East Anglia: Rail wish list for region taking shape

TRAINS running between London and East Anglia should travel at up to 110mph to improve links between the capital and this region.

And millions of pounds should be spent on laying up to 5.5 miles of extra track north of Chelmsford in a bid to ease congestion on one of the busiest lines in the country.

These are believed to be two of the recommendations to be contained in a new manifesto for the region’s railways due to be unveiled next week.

The manifesto, published by the New Anglia Local Enterprise Partnership (LEP) and produced by county councils in association with local MPs who are pledged to put pressure on the Government, will be officially launched on Monday.

It is expected to call for a major investment in the Great Eastern Main Line.

There is frustration among some who believe that the region makes a major contribution to the wealth of the country but does not get an adequate return.

Rail services in East Anglia have always been seen as a “Cinderella service” – and the manifesto aims to reverse that perception.

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Consultant civil engineers Atkins have been called in to look at ways of improving the infrastructure – the section between Colchester and Shenfield is the most intensively-used double-track section of line in the country.

Building an extra track along the whole section is impossible because it goes through the heart of Chelmsford. However, Atkins are understood to recommend that a new 3.5-5.5-mile stretch of “relief” track is built north of Chelmsford and that there should be extra capacity north of Shenfield.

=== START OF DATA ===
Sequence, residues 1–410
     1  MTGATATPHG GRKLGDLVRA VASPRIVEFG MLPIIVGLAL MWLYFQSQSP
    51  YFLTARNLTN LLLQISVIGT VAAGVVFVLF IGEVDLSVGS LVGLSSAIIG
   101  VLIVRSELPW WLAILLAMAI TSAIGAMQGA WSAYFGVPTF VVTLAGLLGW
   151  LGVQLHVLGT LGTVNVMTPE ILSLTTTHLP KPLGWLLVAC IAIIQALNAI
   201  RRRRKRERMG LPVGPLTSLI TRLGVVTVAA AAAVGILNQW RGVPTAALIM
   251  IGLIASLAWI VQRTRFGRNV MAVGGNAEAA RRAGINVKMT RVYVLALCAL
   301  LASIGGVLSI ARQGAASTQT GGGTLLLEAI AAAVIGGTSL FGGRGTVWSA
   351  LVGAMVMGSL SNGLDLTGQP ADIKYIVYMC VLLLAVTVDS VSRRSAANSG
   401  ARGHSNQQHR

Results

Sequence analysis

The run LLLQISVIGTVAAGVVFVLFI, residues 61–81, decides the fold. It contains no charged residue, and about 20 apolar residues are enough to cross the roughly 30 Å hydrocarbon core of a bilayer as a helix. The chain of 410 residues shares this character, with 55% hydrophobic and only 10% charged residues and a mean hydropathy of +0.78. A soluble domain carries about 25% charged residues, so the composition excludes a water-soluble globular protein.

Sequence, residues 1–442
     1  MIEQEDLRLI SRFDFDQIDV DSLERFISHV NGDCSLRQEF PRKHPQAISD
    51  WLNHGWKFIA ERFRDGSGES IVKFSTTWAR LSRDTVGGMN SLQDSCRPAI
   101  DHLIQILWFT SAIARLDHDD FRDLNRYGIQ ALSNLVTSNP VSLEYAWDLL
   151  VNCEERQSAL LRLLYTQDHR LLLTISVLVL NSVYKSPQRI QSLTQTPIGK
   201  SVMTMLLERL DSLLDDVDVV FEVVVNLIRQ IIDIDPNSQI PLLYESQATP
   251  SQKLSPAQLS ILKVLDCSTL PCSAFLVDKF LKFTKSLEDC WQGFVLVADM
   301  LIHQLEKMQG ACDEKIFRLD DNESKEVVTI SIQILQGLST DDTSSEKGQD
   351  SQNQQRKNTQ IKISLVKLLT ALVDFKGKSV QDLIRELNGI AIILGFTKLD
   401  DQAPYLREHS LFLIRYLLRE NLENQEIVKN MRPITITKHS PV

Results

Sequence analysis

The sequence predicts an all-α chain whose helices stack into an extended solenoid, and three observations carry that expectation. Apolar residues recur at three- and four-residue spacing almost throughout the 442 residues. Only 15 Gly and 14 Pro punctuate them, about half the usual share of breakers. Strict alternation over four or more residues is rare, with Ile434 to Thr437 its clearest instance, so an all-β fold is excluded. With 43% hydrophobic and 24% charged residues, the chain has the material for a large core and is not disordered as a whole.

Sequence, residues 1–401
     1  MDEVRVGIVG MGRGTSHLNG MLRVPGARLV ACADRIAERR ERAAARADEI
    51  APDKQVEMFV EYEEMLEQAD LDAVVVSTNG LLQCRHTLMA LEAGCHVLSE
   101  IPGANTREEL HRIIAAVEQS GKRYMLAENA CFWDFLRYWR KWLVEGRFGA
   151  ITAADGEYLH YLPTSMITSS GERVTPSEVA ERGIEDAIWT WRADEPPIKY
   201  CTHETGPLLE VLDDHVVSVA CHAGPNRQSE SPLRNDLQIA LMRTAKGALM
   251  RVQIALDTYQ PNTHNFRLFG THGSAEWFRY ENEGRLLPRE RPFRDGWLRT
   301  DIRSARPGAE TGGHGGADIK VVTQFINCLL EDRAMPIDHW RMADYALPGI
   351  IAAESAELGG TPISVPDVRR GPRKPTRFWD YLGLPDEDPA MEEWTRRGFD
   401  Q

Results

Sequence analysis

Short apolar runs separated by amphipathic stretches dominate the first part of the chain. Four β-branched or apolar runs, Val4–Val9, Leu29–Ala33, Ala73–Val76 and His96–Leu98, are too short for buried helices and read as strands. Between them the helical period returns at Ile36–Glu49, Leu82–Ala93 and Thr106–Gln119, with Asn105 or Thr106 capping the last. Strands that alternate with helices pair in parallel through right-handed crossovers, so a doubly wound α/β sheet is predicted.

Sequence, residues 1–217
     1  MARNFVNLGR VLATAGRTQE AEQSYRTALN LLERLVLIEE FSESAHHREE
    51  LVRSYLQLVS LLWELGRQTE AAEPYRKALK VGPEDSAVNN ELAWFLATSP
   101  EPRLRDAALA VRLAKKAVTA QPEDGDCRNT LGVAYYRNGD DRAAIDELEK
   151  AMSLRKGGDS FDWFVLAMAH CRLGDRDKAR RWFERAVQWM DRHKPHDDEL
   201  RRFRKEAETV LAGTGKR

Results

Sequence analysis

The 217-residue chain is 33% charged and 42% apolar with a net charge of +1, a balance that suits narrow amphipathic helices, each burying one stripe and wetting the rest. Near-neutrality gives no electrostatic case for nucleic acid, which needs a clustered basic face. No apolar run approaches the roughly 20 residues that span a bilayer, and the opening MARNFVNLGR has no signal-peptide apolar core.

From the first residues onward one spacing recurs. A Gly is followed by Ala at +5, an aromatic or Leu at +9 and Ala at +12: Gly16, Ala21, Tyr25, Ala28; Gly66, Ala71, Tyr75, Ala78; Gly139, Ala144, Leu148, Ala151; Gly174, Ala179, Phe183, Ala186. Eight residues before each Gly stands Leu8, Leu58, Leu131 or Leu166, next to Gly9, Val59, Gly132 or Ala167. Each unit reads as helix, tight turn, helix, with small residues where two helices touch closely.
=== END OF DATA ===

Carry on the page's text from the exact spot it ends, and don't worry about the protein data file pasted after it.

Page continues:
Increasing normal speeds to 110mph should enable trains from London to reach Colchester in 40 minutes, Manningtree in 50 minutes, Ipswich in 60 minutes, Stowmarket in 70 minutes, Diss in 80 minutes, and Norwich in 90 minutes.

It is not just the main line that the LEP is concerned about. The manifesto is also understood to call for major improvements to rural and cross-country lines.

It wants an hourly service to be introduced on the route between Ipswich and Peterborough, with better marketing of the cross-country connections there.

And it wants to follow up the introduction of an hourly service on the East Suffolk route at the end of this year with a speeded up service – giving a one-hour journey time between Lowestoft and Ipswich. The day after the manifesto is launched, Suffolk Coastal MP Dr Therese Coffey is sponsoring a debate in the House of Commons.

She said: “I was delighted to secure this debate as it is a critical moment to raise the issue ahead of decisions being taken by ministers.

“Earlier this week, Ben Gummer and myself met with the minister Theresa Villiers to discuss rail services. Local MPs are working together to press the case for better rail services.”

Bosses at Greater Anglia recognise the need for more investment in rail infrastructure.

Company managing director Ruud Haket said: “The National Passenger Survey result highlights the need for further improvements in the region’s rail services and, together with our partners and stakeholders, we will continue to make a positive case for this additional investment as part of future plans and for the longer 15-year franchise.”